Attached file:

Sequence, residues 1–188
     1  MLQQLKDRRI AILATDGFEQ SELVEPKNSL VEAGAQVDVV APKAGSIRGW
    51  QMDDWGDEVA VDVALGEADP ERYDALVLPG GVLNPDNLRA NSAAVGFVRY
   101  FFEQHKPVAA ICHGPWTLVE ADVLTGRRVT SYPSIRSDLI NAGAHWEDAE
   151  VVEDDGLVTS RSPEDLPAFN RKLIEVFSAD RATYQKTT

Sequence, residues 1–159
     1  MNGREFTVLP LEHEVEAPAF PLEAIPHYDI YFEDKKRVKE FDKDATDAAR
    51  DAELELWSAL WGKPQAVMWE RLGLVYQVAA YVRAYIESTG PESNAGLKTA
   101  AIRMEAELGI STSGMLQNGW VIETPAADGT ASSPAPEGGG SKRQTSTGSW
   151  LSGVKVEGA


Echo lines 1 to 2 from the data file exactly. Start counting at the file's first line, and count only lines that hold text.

Sequence, residues 1–188
     1  MLQQLKDRRI AILATDGFEQ SELVEPKNSL VEAGAQVDVV APKAGSIRGW